This issue has been debated countless times (at least once) over the past 101 years...How would the majority of people prefer to be tortured---at work, having some asshole supervisor constantly looking over your shoulder for any possible flaw in your TPS reports...Or in your leisure time, watching the Cubbies play baseball during a typical season, which usually, for all practical purposes is "over" by the All-Star break, as they languish 9 games behind the Central Division leading Cardinals...or some other fluke team during that particular season.
Of course, there are pros and cons to consider for your particular preference for torture. I've been micro-managed, but not for an entire lifetime. Usually, a few years at a time is all I've had to endure.
The poor Cub fan has had to experience the emotional trauma of heartbreak, disappointment, or just plain disgust, every single year. But, the "catch"---Once the pain and suffering for that recent season of futility ends, which usually coincides with Halloween, there's a period of recovery, where slowly but surely, false hope for "next year" starts to flash through even the most pessimistic Cub-olites. The sad rationalization process begins..."If only Bartman would've gotten out of the way"..."If only Pujols played for us instead of them"..."If only that black cat wouldn't have jinxed us in '69"..."If only (insert pitcher's name) wasn't always getting hurt"...
And so it goes...Delusional rationalization. However, at least there's that brief four to six month vacation from reality that rejuvinates those optimistic Chicago-land-olians to endure another inevitable season of torture.
If you're like 69% of American employees, your vacations from hell don't last that long. Oh, you might take the family out to Wally World for a week or two, but let's face it...You can't get that pompous, back-stabbing so-called boss out of your head for more than a few minutes at a time, during any waking moments. But then, you start thinking about the Cubs again...Is there no God?
Believe it or not, I really thought the Cubs were absolutely destined to win the World Series last year. They not only had the best team in the National League...until the post-season began...They had that magical, incredible, and...weird 100 Year Anniversary thing going for them...Or so I thought. Of course, I'm referring to the 1908 season, when the Cubs were the World Champions of the (smaller) baseball world. Still they , were one of the greatest dead-ball era teams in history, and that ain't so bad...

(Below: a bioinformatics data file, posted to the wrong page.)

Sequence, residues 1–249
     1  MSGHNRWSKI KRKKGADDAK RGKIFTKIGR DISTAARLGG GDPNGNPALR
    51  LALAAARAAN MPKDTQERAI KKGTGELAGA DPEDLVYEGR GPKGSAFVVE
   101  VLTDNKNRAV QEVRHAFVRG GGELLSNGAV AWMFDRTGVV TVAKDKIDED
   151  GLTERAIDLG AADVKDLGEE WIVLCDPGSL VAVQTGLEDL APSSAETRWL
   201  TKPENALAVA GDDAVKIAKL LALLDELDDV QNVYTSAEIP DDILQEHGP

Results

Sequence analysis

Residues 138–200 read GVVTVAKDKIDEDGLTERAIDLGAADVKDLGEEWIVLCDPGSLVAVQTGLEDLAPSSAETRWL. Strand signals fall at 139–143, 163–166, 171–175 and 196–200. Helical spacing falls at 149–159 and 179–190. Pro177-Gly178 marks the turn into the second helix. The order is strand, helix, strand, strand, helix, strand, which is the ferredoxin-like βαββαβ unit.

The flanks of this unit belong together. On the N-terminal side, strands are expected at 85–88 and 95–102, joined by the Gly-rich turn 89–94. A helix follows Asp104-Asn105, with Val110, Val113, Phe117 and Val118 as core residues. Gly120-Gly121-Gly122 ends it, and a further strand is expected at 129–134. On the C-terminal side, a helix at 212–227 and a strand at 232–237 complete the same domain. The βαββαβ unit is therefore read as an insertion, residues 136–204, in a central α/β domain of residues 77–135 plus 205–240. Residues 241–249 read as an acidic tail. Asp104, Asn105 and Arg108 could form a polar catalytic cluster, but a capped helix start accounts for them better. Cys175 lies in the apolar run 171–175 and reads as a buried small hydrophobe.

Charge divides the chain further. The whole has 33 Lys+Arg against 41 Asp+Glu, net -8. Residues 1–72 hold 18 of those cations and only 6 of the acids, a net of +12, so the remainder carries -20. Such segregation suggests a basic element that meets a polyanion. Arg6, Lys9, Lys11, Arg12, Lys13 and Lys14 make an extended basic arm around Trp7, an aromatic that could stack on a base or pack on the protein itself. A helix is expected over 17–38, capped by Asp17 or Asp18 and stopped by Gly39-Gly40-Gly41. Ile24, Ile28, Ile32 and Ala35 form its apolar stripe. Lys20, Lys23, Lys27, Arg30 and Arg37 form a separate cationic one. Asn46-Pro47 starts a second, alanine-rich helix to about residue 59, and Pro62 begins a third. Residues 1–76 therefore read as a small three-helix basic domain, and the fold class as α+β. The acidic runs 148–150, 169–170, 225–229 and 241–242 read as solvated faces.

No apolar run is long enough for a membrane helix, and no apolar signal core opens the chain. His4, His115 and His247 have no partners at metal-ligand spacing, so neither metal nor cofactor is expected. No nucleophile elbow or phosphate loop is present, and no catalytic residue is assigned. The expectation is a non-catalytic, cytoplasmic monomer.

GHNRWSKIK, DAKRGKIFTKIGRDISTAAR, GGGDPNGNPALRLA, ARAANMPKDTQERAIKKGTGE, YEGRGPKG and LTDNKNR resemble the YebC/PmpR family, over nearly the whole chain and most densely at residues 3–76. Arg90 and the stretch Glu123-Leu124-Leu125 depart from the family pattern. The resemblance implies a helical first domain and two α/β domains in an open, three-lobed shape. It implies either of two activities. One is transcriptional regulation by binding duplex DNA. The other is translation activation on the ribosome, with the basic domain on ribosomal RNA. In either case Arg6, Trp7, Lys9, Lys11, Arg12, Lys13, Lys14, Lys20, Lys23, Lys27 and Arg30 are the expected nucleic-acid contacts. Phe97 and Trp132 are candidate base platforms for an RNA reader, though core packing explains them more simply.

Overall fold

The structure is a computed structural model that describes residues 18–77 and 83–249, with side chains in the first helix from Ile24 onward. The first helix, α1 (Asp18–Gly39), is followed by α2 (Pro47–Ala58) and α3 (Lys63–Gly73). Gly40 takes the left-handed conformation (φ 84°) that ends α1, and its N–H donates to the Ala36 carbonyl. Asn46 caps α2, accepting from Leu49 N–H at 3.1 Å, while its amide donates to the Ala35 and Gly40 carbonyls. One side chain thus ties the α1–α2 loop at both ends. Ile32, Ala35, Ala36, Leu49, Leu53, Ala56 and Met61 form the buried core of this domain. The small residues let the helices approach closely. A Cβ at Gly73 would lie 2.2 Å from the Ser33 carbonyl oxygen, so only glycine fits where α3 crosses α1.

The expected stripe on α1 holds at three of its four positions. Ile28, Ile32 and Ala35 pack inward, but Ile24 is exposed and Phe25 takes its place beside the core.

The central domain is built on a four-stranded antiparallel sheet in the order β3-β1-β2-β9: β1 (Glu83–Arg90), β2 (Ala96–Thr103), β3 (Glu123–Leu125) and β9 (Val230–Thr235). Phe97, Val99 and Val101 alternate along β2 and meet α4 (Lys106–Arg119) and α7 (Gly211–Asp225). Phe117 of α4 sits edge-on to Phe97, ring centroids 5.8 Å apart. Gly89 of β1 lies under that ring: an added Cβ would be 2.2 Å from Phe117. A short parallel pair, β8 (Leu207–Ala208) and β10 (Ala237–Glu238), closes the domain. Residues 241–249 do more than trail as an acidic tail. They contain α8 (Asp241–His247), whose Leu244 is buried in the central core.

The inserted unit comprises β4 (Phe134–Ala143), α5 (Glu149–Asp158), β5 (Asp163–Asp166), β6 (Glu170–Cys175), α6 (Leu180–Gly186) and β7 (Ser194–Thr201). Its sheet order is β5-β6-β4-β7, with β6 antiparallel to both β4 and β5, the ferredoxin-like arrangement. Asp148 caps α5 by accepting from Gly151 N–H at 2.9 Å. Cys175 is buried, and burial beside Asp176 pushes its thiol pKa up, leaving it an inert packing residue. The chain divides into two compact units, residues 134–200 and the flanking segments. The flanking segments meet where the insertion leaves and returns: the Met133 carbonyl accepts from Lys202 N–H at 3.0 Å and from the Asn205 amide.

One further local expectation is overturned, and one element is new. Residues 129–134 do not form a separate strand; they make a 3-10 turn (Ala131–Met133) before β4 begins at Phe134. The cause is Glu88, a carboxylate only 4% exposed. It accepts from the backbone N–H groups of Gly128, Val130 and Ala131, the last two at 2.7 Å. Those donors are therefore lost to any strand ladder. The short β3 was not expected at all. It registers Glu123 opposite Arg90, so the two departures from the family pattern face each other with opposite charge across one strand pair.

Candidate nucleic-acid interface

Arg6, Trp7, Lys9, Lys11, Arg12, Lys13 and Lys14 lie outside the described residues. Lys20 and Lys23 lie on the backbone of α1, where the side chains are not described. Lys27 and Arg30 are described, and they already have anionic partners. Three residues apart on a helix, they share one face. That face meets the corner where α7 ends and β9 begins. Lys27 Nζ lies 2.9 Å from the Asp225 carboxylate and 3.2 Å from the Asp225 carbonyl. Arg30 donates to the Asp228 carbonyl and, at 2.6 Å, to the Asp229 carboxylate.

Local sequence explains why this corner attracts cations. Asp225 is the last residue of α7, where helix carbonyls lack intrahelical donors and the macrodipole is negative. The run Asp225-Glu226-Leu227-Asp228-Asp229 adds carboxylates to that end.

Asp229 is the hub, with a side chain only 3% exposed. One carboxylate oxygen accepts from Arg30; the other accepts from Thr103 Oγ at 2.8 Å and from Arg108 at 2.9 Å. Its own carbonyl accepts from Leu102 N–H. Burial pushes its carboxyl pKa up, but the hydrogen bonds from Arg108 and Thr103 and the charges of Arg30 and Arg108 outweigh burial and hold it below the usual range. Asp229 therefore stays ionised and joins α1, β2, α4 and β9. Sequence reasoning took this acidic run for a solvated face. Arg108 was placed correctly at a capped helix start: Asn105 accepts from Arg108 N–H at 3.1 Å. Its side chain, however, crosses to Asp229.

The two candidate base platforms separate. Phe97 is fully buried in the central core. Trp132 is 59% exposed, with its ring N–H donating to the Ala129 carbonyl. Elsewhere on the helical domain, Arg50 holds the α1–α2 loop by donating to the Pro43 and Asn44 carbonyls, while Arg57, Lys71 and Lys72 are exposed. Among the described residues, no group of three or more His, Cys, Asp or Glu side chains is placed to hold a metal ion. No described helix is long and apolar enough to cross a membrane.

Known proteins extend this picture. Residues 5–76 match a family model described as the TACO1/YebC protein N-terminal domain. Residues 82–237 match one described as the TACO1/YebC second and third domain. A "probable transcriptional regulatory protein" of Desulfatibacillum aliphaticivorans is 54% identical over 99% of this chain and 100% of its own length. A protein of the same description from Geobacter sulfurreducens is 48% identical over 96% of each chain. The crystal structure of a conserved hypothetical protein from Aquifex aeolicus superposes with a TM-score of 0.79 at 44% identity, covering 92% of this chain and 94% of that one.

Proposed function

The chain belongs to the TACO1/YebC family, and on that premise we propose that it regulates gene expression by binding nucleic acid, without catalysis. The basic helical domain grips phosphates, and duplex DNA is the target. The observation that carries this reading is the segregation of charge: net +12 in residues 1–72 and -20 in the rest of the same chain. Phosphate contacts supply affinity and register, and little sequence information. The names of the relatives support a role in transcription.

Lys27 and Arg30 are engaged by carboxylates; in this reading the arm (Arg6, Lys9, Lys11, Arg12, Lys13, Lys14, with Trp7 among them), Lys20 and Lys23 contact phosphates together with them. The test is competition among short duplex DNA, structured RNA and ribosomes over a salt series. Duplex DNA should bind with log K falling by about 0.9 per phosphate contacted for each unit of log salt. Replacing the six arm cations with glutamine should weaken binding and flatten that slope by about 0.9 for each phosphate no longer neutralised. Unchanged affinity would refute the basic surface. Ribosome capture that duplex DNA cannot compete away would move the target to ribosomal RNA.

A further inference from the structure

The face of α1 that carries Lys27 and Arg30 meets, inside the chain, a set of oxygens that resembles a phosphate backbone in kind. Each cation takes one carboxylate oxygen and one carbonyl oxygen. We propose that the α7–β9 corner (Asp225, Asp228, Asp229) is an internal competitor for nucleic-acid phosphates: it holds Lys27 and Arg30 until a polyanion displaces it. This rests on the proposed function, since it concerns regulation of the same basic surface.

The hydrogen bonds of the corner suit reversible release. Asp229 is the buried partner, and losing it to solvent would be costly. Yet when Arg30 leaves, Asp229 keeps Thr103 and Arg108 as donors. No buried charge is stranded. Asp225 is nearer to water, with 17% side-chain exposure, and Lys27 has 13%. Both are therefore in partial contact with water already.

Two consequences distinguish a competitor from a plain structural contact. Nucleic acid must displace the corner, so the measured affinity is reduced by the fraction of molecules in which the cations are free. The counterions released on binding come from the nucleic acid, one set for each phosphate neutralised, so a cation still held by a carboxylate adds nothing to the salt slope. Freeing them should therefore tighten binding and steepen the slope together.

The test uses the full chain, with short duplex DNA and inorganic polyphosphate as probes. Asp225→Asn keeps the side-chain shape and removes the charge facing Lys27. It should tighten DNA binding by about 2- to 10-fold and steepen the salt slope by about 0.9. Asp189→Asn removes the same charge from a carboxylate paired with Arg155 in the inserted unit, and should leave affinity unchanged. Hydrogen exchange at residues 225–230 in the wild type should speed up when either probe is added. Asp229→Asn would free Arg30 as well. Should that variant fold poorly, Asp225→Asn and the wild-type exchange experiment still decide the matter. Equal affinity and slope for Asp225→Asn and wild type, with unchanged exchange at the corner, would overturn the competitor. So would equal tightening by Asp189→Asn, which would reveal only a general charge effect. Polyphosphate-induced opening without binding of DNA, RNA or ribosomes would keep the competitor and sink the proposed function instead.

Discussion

Speaking of "dead balls", I remember the time my micro-managing boss...No, I can't say that on the air...There may be youths out there reading this bullshit. Did I say that? You bet I did, because "bullshit" s officially been accepted as a normal part of American business jargon...at least as far as I'm concerned...If memory serves me correctly, I use that word, or a simple variation of that word about fifty times in my book, Life Under the Corporate Microscope, by Larry Underwood.
Was that an overly blatant attempt at shamelessly self-promoting my book? Well, I certainly hope so...I've got to do it, because I just realized the other day...Nobody else is willing to do it. They've got more important things to worry about...Such as having a micro-managing boss from hell...Or being a Cubs fan.
The debate will never end. I truly feel the pain for either sufferer, and had the horrible thought race through my head...What about the double agony of being micro-managed and being a Cubs fan?
My heart goes out to you all. If you're being micro-managed, maybe your boss will get that well deserved promotion to a higher level of the corporate hierarchy where yowu won't be directly impacted by their idiocy...However, just hope they don't screw up the entire company by having too much influence.
Sadly, if you're a Cubs fan, forget about it. They won't win the World Series again this year. In fact, they won't even come close to making it to the World Series this year...or any year. That's just the way it goes. I don't make the rules. I just report them, impartially, as any St Louisan would be inclined to do.
However, if I'm wrong (rarely ever happens), I suppose I'll be happy for you. Bye.